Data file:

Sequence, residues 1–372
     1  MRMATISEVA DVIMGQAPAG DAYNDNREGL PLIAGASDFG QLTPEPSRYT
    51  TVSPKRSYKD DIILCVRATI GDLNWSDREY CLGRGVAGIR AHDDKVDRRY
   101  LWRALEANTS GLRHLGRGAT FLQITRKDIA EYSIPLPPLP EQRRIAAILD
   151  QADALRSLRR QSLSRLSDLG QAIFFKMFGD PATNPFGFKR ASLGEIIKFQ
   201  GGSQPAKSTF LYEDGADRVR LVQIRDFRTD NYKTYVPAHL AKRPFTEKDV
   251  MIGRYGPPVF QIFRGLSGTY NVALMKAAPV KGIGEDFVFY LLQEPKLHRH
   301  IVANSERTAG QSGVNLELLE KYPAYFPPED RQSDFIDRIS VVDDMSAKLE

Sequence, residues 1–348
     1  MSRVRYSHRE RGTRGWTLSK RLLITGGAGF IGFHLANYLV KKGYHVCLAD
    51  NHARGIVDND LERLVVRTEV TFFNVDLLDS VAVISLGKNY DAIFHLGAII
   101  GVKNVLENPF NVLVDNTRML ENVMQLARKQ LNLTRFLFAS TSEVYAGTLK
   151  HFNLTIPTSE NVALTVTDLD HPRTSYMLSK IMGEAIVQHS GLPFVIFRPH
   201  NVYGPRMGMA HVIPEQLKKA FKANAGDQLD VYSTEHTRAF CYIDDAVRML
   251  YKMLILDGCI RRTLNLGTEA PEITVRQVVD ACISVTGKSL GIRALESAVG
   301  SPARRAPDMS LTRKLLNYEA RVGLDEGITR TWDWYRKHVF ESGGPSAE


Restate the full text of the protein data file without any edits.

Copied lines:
Sequence, residues 1–372
     1  MRMATISEVA DVIMGQAPAG DAYNDNREGL PLIAGASDFG QLTPEPSRYT
    51  TVSPKRSYKD DIILCVRATI GDLNWSDREY CLGRGVAGIR AHDDKVDRRY
   101  LWRALEANTS GLRHLGRGAT FLQITRKDIA EYSIPLPPLP EQRRIAAILD
   151  QADALRSLRR QSLSRLSDLG QAIFFKMFGD PATNPFGFKR ASLGEIIKFQ
   201  GGSQPAKSTF LYEDGADRVR LVQIRDFRTD NYKTYVPAHL AKRPFTEKDV
   251  MIGRYGPPVF QIFRGLSGTY NVALMKAAPV KGIGEDFVFY LLQEPKLHRH
   301  IVANSERTAG QSGVNLELLE KYPAYFPPED RQSDFIDRIS VVDDMSAKLE

Sequence, residues 1–348
     1  MSRVRYSHRE RGTRGWTLSK RLLITGGAGF IGFHLANYLV KKGYHVCLAD
    51  NHARGIVDND LERLVVRTEV TFFNVDLLDS VAVISLGKNY DAIFHLGAII
   101  GVKNVLENPF NVLVDNTRML ENVMQLARKQ LNLTRFLFAS TSEVYAGTLK
   151  HFNLTIPTSE NVALTVTDLD HPRTSYMLSK IMGEAIVQHS GLPFVIFRPH
   201  NVYGPRMGMA HVIPEQLKKA FKANAGDQLD VYSTEHTRAF CYIDDAVRML
   251  YKMLILDGCI RRTLNLGTEA PEITVRQVVD ACISVTGKSL GIRALESAVG
   301  SPARRAPDMS LTRKLLNYEA RVGLDEGITR TWDWYRKHVF ESGGPSAE